"Missle Fizzle" is built around topical references to Space Age weaponry--an unusual move for John Stanley in Little Lulu. The series, as a whole, occurs in a comfortable vacuum. Their timeframe is a vague "now" that could be any year from 1945to 1960.
The stories seem, im particular, to take place in the prosperous, relaxed later 1940s. It's genuinely surprising to see the intrustions of the present-day in "Little Lulu."
Stanley would aggressively embrace pop culture references in his post-Lulu work. "Missle Fizzle" is a fascinating preview of his 1960s writing.
It is also a brilliantly dense dose of character-driven comedy. Annie's brother, Iggy, instigates the mishaps. For once, Tubby (plus the other "fellers") completely buys another person'a sincere-but-misguided concept.
The rich visual-verbal comedy that ensues is top-drawer stuff. Stanley had a great deal invested in these characters. All that thinking and planning had given him a foolproof foundation to write hilarious and delightfully absurd stories such as this.
Tubby emerges triumphant, in "The Bragging Mirror," against his greatest foe, the amoral, wealthy Wilbur van Snobbe. Wilbur is unusually nasty here. Again, this anticipates Stanley's coming tenure on the Nancy comics. Stanley's treatment of the equivalent Rollo Haveall character, in that series, is among his harshest depiction of the heartless, manipulative rich.
The main situation of this story is gimmicky sitcomix. Stanley just barely gets away with its artifice. You know something's up when Tub keeps his scheme to himself. An egomaniac of his caliber would typically obsess over his scheme, savoring each detail in detail.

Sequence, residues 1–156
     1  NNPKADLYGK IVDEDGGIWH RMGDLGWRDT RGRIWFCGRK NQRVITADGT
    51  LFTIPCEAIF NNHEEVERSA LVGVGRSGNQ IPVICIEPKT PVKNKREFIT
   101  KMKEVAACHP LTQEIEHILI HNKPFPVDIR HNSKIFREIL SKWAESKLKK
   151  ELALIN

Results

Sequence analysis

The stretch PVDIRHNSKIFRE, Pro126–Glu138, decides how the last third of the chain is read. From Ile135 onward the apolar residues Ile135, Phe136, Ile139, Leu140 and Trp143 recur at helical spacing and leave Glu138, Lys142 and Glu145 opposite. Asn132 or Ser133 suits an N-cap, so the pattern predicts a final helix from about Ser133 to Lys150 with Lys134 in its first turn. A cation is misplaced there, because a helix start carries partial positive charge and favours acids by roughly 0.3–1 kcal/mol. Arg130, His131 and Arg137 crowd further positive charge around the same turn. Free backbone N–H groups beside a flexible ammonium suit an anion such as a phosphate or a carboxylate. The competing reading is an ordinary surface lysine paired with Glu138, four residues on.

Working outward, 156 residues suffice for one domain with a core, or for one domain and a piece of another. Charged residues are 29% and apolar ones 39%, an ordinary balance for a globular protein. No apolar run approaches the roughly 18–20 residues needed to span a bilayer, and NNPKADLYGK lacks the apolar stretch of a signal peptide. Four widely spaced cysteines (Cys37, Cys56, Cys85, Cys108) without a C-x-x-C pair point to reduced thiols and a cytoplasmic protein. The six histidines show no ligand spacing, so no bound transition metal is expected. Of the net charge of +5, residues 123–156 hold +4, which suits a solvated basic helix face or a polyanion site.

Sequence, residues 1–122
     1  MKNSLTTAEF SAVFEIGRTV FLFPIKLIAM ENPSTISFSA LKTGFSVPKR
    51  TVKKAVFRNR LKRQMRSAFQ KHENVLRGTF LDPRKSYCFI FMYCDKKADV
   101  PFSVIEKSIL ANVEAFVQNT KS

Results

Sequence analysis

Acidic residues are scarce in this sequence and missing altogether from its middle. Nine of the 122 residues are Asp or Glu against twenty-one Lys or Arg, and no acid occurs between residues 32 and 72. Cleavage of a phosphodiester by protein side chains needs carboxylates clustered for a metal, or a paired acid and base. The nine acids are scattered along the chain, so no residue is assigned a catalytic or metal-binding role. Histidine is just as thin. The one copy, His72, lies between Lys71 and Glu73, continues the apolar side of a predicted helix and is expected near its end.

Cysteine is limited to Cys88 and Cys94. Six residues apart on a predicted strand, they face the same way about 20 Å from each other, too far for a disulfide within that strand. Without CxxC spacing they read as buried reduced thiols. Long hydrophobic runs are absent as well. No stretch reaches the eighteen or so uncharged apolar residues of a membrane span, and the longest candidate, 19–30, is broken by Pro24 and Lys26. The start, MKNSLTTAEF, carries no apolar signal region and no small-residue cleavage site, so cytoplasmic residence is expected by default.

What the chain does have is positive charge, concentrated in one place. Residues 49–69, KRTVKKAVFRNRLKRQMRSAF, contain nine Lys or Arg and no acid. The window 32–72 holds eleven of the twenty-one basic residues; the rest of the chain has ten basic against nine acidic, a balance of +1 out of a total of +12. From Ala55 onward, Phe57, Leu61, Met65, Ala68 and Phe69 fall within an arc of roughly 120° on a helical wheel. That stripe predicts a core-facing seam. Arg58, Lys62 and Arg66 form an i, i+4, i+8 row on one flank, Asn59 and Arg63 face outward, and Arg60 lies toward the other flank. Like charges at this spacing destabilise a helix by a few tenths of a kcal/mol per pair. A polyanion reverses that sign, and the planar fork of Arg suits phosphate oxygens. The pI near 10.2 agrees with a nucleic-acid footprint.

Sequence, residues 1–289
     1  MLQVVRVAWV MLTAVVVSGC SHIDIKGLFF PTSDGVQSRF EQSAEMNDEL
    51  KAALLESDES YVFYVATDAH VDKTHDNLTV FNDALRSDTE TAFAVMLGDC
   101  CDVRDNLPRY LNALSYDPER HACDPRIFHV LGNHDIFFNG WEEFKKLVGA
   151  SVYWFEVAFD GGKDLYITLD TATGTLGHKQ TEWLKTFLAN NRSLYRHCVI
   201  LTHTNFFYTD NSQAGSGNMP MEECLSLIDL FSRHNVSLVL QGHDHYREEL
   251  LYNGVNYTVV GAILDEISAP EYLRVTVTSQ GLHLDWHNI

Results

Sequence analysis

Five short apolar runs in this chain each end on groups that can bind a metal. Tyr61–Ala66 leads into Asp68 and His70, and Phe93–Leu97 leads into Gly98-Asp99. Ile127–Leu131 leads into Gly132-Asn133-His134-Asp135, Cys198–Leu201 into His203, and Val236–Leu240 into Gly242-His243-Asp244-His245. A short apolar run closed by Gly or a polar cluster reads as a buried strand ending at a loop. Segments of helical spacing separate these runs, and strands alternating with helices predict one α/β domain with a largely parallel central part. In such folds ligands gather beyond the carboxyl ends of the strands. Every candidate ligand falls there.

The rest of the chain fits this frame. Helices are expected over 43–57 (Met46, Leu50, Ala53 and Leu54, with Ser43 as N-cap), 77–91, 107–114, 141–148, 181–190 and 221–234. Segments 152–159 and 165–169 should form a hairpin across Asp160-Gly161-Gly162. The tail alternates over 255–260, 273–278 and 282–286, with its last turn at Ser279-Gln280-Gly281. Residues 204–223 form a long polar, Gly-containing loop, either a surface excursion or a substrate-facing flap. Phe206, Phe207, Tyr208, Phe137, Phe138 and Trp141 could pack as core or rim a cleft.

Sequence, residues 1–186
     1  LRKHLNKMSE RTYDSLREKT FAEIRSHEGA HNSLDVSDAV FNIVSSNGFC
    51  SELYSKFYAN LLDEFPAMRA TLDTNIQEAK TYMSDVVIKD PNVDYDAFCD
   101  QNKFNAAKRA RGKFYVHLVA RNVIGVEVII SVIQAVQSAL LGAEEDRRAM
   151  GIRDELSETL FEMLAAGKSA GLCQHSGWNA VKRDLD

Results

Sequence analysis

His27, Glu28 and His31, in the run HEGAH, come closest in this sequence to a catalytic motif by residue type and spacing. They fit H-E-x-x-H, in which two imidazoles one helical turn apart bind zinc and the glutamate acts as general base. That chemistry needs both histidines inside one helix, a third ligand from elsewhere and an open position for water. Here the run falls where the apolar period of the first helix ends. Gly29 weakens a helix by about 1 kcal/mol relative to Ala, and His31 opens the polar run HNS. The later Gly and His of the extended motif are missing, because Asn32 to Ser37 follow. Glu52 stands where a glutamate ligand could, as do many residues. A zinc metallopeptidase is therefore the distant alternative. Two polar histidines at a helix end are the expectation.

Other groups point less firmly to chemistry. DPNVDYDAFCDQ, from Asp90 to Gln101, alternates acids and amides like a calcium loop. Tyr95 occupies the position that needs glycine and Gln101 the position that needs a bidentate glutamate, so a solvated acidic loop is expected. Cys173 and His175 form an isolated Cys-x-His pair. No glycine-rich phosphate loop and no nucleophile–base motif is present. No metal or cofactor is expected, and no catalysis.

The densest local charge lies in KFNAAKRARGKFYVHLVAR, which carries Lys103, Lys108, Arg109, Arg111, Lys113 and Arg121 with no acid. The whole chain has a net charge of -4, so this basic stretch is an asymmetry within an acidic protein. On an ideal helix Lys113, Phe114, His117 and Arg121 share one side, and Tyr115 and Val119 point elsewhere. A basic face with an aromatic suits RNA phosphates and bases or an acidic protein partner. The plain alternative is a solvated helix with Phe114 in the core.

Of course, if Tub did that, the story would fall apart. It works because we have seen Tubby try to get along with Wilbur so many times in the past--and has had his sincere efforts trampled and his kindness mocked. As well, Wilbur, who needs no extra money, has duped Tub out of "at least twenty dollars" over the years.
We want to see this comeuppance--especially impressive since it is a no-budget affair. All Tubby needs is his vivid imagination and a "ventriloquist gadget." The latter, seen in many 1940s animated cartoons, comic books and '50s TV shows, apparently was a miraculous device.
The tacit moral of the story is that Tubby, lower middle class kid of no great means, can outfox lazy, self-indulgent, wealthy Wilbur with nothing more than a colorful, clever story. Wilbur is not the sharpest knife in the drawer, despite his social and financial pedigree.
Were "The Bragging Mirror" not so rich in detail, and seated in such a high-stakes unsettled score, it would be just like another 100 dumb funny-book stories. It's to Stanley's credit that he transcends the gimmick with convincing characterization and geniune, well-depicted human emotion.
We'll take a temporary break from this Halloween giant, as I've had requests for some of Stanley's whacked-out serious horror stories of the early 1960s. I'll offer up some of those subconscious wonders next time around.
The "ventriloquist gadget" could not perform as advertised, as you probably suspect. It could, however, change one's voice considerably, and is a traditional tool of English Punch-and-Judy men.